Interesting to note that I have a D630, two D620's and a couple C series. Each one has gotten too hot and I've start to disassemble and replace the paste and clean the fan when I get them, all bought used. My belief is that Windows never reaches the full potential. The D620/630 have the gap between the fan and the fins on the heat pipe that fills with hair, dust, etc.
 
Old 01-26-2014, 08:52 PM   #21
colorpurple21859
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check this out http://www.linuxquestions.org/questi...8/#post4830372
 
Old 01-26-2014, 11:52 PM   #22
TobiSGD
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Quote:
Originally Posted by vaenby View Post
Does it mean I need to compile the 3.13 kernel myself? I don't have experience doing that. Isn't it hard to do?
Actually, it is pretty easy. AlienBob has a nice HowTo for that (of course you have to adapt the kernel version): http://alien.slackbook.org/dokuwiki/...kernelbuilding
 
Old 01-27-2014, 04:11 AM   #23
cascade9
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Quote:
Originally Posted by enorbet View Post
If, OTOH, it is hardware related that isn't as hard to fix as many think. Regarding the above, I emphatically disagree. There can be NO SPACE between a heat sink and the heat source because air is an insulator. I have never seen nor can I even imagine how a proper shim to take up an air gap could ever possibly "make things worse". There are even videos on YouTube showing how to do this. It is that common, and as I said it isn't beyond the scope of even moderate skills.
Umm...'air gap' is a bit of an overstatement. Though it can happen, as some heatsinks are slightly curved, cheap ones in particular. In those cases while there will be contact between the CPU and theheatsink, its not full contact, and there can be 'air gaps' at the sides of the CPU/heatsink interface.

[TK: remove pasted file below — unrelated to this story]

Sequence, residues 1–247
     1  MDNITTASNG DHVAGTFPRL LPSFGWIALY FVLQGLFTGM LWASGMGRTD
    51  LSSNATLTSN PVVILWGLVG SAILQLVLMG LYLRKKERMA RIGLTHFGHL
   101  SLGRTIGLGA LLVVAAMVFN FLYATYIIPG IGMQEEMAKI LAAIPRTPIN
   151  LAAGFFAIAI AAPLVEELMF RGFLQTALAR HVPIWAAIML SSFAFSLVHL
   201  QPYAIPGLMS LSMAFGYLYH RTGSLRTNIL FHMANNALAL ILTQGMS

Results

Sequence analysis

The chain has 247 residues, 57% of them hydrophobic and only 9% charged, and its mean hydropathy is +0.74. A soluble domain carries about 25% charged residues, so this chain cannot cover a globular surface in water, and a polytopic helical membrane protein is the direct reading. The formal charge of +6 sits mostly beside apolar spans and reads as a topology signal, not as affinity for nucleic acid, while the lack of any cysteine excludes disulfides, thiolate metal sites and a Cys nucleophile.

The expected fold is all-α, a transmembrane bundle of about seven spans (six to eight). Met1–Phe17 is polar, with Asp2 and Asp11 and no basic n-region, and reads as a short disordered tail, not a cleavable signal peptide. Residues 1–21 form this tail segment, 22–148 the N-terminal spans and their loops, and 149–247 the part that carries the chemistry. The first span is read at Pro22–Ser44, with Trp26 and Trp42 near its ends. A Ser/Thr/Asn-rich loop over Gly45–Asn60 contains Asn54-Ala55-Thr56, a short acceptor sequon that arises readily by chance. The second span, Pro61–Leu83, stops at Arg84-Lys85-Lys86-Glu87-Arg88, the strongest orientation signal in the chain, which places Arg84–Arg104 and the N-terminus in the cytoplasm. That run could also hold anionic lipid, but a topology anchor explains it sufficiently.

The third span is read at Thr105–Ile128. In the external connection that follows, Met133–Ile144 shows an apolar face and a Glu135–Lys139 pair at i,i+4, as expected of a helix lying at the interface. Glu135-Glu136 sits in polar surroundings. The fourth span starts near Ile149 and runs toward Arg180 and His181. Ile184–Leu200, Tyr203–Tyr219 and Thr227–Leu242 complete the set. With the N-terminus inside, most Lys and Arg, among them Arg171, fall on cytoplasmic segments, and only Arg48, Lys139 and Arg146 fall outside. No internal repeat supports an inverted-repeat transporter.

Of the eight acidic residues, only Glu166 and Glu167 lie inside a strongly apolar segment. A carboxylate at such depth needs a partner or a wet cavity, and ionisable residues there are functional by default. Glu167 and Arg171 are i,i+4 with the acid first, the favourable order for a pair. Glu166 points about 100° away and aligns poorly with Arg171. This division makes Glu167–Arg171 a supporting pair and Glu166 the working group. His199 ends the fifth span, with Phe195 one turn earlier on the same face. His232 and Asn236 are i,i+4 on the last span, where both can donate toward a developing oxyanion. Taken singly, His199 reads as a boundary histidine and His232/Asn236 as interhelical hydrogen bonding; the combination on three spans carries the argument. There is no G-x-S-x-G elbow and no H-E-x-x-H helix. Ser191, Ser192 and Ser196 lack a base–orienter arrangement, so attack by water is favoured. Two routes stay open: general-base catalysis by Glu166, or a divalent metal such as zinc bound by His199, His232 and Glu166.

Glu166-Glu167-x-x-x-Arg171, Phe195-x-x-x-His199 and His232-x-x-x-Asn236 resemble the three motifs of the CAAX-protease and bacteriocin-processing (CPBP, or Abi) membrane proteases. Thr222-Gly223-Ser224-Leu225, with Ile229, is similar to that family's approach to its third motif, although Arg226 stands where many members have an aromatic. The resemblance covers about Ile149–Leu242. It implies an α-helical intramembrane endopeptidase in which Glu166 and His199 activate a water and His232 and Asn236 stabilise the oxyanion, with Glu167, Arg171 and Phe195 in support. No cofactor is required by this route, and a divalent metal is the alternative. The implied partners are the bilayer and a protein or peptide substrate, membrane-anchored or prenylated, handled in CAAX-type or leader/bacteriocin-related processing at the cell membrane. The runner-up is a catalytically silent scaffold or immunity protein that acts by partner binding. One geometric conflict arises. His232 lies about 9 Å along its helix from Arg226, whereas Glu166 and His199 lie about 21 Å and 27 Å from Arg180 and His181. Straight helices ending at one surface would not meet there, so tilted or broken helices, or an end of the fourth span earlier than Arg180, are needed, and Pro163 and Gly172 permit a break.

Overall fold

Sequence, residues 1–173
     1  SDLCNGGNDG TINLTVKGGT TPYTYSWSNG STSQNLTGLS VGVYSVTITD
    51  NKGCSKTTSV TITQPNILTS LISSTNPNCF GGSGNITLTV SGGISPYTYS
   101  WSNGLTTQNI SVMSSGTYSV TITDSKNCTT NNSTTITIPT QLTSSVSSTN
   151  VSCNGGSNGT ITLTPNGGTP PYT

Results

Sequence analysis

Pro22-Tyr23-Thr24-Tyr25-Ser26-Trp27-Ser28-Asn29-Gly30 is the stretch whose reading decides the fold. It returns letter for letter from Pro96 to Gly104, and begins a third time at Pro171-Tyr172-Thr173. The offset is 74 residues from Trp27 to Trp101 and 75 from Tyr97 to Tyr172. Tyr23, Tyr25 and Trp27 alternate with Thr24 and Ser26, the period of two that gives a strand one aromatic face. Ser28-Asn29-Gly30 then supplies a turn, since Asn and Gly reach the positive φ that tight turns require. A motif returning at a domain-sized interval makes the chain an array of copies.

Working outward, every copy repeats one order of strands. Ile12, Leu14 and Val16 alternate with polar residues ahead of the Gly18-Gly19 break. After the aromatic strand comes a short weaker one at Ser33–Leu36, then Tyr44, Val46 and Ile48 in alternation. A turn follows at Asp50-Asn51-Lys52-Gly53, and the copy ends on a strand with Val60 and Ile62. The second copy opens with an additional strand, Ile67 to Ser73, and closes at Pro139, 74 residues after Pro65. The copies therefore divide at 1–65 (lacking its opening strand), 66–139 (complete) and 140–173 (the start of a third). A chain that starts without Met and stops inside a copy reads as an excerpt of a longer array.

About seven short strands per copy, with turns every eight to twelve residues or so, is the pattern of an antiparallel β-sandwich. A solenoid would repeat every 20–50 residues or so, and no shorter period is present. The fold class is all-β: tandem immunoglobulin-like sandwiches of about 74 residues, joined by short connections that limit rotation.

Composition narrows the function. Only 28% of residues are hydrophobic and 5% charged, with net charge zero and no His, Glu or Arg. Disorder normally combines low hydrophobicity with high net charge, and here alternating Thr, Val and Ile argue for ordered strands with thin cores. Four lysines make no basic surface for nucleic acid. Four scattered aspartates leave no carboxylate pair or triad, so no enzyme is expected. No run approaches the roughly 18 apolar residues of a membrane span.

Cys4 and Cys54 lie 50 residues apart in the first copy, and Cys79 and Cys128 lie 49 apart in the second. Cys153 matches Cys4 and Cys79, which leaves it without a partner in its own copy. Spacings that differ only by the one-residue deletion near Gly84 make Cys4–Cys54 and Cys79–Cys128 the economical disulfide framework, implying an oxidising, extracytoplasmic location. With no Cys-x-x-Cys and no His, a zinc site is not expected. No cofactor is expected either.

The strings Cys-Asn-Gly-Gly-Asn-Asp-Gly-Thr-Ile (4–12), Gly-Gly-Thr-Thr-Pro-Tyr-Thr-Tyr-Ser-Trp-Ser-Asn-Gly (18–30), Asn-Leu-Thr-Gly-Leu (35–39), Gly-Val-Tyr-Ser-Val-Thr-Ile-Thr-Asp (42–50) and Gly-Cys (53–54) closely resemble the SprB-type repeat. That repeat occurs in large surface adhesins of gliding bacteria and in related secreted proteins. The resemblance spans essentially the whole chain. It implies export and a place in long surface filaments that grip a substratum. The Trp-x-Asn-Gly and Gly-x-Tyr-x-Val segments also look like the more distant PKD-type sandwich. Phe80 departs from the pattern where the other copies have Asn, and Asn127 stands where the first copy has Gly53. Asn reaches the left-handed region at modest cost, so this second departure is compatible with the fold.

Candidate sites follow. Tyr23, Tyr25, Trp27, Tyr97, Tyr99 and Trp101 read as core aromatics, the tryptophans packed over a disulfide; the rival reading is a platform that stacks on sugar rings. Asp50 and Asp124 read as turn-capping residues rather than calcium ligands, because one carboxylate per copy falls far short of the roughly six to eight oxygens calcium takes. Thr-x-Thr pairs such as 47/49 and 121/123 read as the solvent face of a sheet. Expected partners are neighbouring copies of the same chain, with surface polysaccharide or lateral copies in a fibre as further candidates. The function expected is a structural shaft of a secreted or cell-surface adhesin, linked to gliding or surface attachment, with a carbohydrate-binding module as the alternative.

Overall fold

Its also possible that there will not be enough pressure on the heatsink, and in those cases adding a shim can help.

Adding a shim in most (all?) other cases just adds more layers and more thermal paste, which reduces the efficiency of the cooling system.

Quote:
Originally Posted by enorbet View Post
I am unfamiliar with this runaway problem with switchable graphics so all I can say is either meter this to be certain this is happening or if there is a simple software fix, try it and see if the temps drop. Software problems should be addressed first especially if it is not in a "from the factory" condition ie - you installed a new system. Fix this first because it is easier and faster to see results.
Its not really runaway. The issue is that with switcahble graphics setups, the 'unused' video adapter is generally not 'switched off' with linux, which just sucks power and creates heat.

Its fixable in most Intel CPU/AMD GPU or AMD CPU/AMD GPU situations with vgaswitcharoo or by using the fglrx closed driver. (Intel CPU/nVidia GPU and AMD CPU/nVidia GPU setups are now almost always 'optimus' and work better with bumblebee).
 
Old 01-27-2014, 06:02 AM   #24
enorbet
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Just some comments for clarity

Quote:
Originally Posted by cascade9 View Post
Its not really runaway. The issue is that with switcahble graphics setups, the 'unused' video adapter is generally not 'switched off' with linux, which just sucks power and creates heat.

Its fixable in most Intel CPU/AMD GPU or AMD CPU/AMD GPU situations with vgaswitcharoo or by using the fglrx closed driver. (Intel CPU/nVidia GPU and AMD CPU/nVidia GPU setups are now almost always 'optimus' and work better with bumblebee).
I do know enough about switcheroo, bumblebee(d) et al that I know it isn't really a runaway. I'm afraid that choice of words just reflects a near obsession with thermals. To me 65 C idle is just insanely hot and completely unusable in that condition, requiring an immediate and if needed, drastic fix.

Quote:
Originally Posted by cascade9 View Post
Umm...'air gap' is a bit of an overstatement. Though it can happen, as some heatsinks are slightly curved, cheap ones in particular. In those cases while there will be contact between the CPU and theheatsink, its not full contact, and there can be 'air gaps' at the sides of the CPU/heatsink interface.

Its also possible that there will not be enough pressure on the heatsink, and in those cases adding a shim can help.

Adding a shim in most (all?) other cases just adds more layers and more thermal paste, which reduces the efficiency of the cooling system.